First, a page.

Wait. Maybe Harlem is the perfect place to find a cryptoparty.
The New York City Police Department is increasingly monitoring and targeting young people of color on social media in what critics say amounts to racial profiling. “Is the online surveillance of black teenagers the new stop-and-frisk?” asked a headline in The Guardian, referring to the now-banned practice of stopping people on the street for “suspicious behavior.”
On top of that, members of the Black Lives Matter protest movement are now reportedly being targeted. Vice News broke the news in August that Deray Mckesson, a prominent civil rights activist, had been identified as a “professional protester” who was “known to law enforcement” and had his Twitter account monitored by the Department of Homeland Security (DHS). The Intercept also reported that DHS has been tracking the movement.
In other words, simply exercising your right to protest is enough to get you on the feds’ radar.
This is sounding familiar. In the 60s, COINTELPRO, short for Counterintelligence Program, was an FBI program for domestic surveillance that spied on the Black Panthers. Even the FBI itself admits today that the program was overreaching, violating the First Amendment and other rights. The FBI also kept files on black leaders including Martin Luther King Jr.
The threats to black privacy are why Matthew Mitchell organizes Cryptoparty Harlem. In his past life, Mitchell was a data journalist at the New York Times and, before that, a developer at CNN. Nowadays he works with journalists, activists, and specifically people in his community of Harlem, on issues surrounding digital security, privacy, and surveillance.
“A lot of times I’ll hang out with hackers in hacker spaces and people who do digital security stuff for the United States, and they’ll always say, man, it’s like there are no black people who want to know about this stuff,” Mitchell said.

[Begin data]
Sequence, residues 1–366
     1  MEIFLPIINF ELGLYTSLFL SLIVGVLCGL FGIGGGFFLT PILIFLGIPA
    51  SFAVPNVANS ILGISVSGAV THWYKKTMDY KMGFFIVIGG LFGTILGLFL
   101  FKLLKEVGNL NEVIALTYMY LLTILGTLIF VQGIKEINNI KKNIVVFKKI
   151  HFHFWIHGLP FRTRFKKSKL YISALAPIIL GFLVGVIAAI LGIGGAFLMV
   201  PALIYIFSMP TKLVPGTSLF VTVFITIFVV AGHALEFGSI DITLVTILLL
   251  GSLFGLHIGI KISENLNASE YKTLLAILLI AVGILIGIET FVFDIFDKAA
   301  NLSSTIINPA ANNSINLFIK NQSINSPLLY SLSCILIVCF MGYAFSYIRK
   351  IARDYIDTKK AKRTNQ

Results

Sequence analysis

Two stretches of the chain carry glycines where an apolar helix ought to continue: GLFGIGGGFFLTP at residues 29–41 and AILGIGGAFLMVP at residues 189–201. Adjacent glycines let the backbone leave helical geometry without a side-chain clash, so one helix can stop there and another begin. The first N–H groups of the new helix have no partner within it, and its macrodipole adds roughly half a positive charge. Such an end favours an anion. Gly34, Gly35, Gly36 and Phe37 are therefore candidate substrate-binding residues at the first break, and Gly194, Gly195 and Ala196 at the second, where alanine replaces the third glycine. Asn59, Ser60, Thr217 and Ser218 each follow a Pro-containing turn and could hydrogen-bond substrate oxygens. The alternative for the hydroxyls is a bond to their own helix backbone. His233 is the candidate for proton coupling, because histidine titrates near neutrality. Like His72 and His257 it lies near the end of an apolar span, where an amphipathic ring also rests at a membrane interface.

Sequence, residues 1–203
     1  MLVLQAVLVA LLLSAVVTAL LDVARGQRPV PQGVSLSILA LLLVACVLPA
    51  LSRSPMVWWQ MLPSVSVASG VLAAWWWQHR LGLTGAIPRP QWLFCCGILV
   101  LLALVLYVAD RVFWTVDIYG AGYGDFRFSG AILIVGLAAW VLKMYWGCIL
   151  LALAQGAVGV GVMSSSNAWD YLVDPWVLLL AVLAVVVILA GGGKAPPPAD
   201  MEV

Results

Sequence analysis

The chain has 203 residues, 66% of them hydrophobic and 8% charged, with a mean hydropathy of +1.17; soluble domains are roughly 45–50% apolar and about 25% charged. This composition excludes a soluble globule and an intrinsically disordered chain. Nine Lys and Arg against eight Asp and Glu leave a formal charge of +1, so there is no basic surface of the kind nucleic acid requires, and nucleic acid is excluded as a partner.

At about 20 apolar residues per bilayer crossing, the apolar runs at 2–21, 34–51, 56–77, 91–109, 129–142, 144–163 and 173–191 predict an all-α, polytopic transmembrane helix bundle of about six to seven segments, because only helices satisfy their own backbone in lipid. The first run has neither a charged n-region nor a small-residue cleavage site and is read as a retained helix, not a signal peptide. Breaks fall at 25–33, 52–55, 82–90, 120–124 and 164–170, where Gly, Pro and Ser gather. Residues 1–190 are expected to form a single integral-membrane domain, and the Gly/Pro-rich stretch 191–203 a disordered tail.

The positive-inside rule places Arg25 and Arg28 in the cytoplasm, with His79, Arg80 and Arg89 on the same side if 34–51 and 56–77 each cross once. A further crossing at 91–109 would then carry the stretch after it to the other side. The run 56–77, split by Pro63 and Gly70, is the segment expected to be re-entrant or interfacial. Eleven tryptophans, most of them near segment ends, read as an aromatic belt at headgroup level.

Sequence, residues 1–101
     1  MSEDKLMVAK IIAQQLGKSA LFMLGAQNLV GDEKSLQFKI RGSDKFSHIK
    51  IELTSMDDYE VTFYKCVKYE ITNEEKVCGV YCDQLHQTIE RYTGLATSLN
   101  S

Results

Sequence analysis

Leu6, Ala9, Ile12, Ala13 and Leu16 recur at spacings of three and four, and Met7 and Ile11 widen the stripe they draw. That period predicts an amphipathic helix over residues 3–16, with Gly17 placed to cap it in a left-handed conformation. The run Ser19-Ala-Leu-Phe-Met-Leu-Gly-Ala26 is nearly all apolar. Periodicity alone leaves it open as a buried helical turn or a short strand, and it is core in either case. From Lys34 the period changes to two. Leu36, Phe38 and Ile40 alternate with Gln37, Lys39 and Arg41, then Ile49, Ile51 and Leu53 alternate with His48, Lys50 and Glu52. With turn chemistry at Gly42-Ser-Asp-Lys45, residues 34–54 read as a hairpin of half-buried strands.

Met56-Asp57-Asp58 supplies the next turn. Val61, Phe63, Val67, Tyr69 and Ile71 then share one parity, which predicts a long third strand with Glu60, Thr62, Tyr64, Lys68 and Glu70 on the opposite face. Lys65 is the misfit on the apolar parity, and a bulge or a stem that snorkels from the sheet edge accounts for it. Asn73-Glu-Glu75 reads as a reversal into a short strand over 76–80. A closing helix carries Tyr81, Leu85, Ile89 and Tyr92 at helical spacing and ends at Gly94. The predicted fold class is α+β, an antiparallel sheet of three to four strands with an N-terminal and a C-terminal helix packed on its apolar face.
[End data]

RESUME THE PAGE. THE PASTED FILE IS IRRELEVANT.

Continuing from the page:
Of course, that’s not true—although there may be many black people who don’t know they want to know about this stuff. Beyond the fact that everyone has something they want to keep private, the black community has reasons to distrust the police, especially with the revelations about the Department of Homeland Security monitoring Black Lives Matter protests.
For this week’s Radio Motherboard, we spoke to Mitchell and Nusrat Choudury, a staff attorney at the ACLU’s Racial Justice program, about why the black community might want to use encryption.
We also discuss how the growing number of privacy intrusions from hackers, government, and law enforcement may be creating an elite class of techies who know how to protect themselves, while the rest of the population is stuck being surveilled.
Earlier this fall, we brought you the curious story of a long lost lunar rover prototypetested by NASA in the 1960s. At the time, we decided to keep some of the details off the record, but for this week's podcast, we delve deep into the rover's history and it's journey from NASA's Marshall Space Flight Center to a scrap yard in Alabama.
This episode of Radio Motherboard unfolds as it moves along, so in the interest of not spoiling it, we'll just get right to it. Thanks for listening!